The Senate Voting Reforms in 600 words

So I’ve been reading Antony Green’s blog on the proposed Senate voting reforms, and from that, here’s a nice little rundown of the proposal as it stands right now.

I am assuming you know how the single transferable vote system used in the Senate works. If not, click here and brush up.

Above The Line Voting

What it is right now What the current proposal for change is
You number one box with “1” above the line. Don’t number anything else.

Parties, having lodged group voting tickets, then decide where your preferences go. You have no further say in the matter at all.

You must number at least six (6) boxes above the line. You decide the order of parties you prefer.

Parties still decide the order of candidates; for example, if the ALP in South Australia puts Senator Wong at the top of their order of candidates, she’ll get the first round of their preferences, and thus be the first elected.

BUT, if you forget and only number one box above the line, it’s still counted as a formal vote.

Below the Line Voting

What it is right now What the current proposal for change is
You must number every single box below the line. Do not number any boxes above.

You decide exactly where your vote goes – but you must number all the boxes, which in the larger states can mean you’re going to be there for quite a while as you fill out each and every box on a ballot paper large enough to conceal a small car.

Parties do not decide the order of candidates elected.

You must number at least twelve (12) preferences below the line. There are six spots available at a regular (half) Senate election for a State, so you’re indicating your first and second preferences for each vacant spot.

You can keep going if you like; it’s up to you. Number as many boxes as you like, and finish whenever, as long as you do at least twelve.

BUT, if you get confused and only number six boxes below, it’s still counted as a formal vote.

Parties do not decide the order of candidates elected.

Quotas

The quota you need to get elected is unchanged.

A Senate Majority

A question here is: if there’s a double dissolution, will the reforms mean the Coalition will win a Senate majority?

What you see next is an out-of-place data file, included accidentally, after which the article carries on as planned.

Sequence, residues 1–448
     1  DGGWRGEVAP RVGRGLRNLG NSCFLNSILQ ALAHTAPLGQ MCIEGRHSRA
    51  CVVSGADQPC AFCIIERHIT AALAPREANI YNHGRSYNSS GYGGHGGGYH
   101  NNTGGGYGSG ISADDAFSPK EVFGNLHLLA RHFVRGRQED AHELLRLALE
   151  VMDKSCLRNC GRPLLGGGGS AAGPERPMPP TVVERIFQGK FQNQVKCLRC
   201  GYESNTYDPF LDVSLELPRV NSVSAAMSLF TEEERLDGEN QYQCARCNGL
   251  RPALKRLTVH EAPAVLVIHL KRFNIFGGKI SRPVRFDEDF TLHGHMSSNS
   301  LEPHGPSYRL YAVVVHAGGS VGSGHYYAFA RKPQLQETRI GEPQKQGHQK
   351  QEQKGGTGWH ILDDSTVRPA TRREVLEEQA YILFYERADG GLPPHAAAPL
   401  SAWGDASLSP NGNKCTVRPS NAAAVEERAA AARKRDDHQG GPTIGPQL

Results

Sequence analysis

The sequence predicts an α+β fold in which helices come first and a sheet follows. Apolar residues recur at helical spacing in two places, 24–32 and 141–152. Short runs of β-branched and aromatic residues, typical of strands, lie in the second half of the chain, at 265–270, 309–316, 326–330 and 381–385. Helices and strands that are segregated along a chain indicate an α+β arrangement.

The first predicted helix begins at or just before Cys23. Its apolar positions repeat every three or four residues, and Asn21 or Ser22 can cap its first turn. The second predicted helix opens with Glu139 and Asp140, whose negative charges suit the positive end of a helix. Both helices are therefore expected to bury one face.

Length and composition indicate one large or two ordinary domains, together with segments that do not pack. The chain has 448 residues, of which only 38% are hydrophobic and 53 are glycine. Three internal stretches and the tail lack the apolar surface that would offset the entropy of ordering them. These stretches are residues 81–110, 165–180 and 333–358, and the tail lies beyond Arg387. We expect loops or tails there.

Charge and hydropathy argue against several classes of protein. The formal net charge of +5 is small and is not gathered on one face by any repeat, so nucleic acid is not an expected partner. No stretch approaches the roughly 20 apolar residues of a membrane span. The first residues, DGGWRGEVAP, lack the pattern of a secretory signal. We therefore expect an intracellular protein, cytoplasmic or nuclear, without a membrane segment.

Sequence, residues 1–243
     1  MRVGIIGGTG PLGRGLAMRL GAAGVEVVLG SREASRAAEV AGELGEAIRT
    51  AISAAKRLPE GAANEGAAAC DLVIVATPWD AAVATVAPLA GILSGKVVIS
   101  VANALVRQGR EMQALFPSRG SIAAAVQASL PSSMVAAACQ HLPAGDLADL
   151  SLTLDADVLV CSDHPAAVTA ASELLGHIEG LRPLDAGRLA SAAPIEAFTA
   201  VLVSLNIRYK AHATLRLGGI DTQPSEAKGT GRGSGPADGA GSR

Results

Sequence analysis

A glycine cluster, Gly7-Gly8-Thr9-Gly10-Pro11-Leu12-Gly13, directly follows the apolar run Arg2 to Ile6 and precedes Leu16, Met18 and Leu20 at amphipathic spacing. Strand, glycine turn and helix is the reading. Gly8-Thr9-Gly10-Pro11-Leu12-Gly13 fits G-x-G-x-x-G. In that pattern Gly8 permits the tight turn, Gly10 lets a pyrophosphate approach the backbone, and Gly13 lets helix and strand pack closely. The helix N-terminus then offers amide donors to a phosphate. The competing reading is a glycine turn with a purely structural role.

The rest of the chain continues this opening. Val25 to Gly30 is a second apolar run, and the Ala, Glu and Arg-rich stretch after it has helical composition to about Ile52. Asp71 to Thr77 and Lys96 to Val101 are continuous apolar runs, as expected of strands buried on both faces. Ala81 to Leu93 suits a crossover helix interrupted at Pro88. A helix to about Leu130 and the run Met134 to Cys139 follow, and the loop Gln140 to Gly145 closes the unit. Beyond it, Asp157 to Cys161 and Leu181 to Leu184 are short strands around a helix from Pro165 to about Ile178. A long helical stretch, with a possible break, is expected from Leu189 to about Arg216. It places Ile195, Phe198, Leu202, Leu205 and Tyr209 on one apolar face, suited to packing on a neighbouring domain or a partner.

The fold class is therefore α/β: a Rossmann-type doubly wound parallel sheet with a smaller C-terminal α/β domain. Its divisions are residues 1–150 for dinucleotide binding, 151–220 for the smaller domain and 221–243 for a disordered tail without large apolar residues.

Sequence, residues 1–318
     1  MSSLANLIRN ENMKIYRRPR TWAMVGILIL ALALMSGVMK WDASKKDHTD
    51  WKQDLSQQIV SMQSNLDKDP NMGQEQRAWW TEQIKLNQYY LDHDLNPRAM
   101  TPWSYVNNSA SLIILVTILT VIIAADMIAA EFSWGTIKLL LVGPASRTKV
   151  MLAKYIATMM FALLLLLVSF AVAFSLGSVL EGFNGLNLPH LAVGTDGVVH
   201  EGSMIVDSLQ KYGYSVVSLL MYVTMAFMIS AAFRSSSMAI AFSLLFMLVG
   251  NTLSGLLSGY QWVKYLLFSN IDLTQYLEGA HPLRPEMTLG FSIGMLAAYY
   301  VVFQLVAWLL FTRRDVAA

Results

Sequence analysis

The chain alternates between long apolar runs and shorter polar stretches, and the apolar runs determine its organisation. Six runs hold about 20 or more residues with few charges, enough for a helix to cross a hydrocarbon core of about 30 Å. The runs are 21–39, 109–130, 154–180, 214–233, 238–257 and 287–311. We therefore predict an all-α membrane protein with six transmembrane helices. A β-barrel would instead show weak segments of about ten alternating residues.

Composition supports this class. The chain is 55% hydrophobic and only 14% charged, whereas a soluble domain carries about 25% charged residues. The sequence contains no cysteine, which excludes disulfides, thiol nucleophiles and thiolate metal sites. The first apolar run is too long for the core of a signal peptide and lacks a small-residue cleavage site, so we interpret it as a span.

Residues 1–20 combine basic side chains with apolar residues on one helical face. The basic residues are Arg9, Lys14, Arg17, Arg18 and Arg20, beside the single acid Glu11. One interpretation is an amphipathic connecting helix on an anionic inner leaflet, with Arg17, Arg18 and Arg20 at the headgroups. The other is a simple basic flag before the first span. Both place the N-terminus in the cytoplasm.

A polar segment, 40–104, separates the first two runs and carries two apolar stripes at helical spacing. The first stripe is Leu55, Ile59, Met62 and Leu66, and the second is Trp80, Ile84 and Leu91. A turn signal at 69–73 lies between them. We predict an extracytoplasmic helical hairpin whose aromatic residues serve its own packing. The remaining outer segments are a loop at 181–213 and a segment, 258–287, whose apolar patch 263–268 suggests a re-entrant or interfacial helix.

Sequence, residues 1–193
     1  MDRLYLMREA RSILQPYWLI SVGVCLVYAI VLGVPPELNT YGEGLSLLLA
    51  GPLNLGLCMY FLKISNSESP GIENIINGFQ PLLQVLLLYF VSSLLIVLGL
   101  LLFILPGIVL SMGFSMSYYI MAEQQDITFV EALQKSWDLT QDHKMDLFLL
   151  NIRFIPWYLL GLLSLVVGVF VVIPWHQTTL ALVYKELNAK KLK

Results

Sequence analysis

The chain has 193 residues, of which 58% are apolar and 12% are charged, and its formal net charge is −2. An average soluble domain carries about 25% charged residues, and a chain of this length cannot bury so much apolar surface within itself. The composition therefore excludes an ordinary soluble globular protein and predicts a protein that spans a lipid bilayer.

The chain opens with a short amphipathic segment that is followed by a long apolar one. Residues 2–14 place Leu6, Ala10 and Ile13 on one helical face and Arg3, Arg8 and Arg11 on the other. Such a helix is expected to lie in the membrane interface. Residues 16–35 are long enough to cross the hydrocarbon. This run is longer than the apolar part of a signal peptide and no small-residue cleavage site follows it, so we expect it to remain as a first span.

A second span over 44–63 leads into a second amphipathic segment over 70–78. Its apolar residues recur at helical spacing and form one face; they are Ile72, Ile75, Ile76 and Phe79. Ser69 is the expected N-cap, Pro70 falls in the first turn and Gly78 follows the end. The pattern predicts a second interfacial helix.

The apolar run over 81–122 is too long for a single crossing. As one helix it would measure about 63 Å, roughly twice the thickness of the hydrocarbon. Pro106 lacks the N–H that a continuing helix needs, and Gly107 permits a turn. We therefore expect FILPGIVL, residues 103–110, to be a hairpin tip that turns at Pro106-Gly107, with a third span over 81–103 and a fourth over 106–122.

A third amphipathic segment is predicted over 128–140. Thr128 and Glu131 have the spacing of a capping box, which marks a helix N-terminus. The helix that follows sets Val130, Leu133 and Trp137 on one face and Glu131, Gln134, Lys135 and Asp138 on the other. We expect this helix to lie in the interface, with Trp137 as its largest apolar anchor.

The answer to that is: It’s monumentally unlikely. Antony Green’s blogpost on the issue, linked below in the Sources, has the details, but the long and the short is; the Coalition’s chances of winning a Senate majority, or a “blocking majority”, under the proposed system are the same as they were under the current one.

What about the ALP’s chances of getting a Senate Majority? Well, they’ve never had one since we started the whole proportional voting thing in the 50’s, so there’s no change there.

Opinion

These are good changes. I like these changes. I’ve always voted below the line – and always hated the way that the vote above the line can go on a magical mystery tour known only to those who’ve studied the group voting tickets, which leads to things like ALP voters electing Family First Senators in Victoria. The changes mean this will not happen anymore.

The optional below-the-line voting means that the choice is no longer “number one box above, or umpteen hundred boxes below” – making below the line voting a feasible option for everyone.

The proposed changes make the system more democratic, and put power over your vote where it belongs; in the hands of you, the voter.


Sources:

Green, Antony; Senate Reform – Below the Line Optional Preferential Voting Included in Government’s Legislation (2 March 2016, accessed 17 March 2016)

Green, Antony; Would Electoral Reform Deliver the Coalition a Senate Majority at a Double Dissolution? (17 February 2016, accessed 17 March 2016)

Green, Antony; On Senate Electoral Reform and Blocking Majorities (14 March 2016, accessed 17 March 2016)

Australian Electoral Commission; Voting – The Senate (25 February 2014, accessed 17 March 2016)

Commonwealth Electoral Amendment Bill 2016, as it stood on 17 March 2016 after the Third Reading in the House of Representatives

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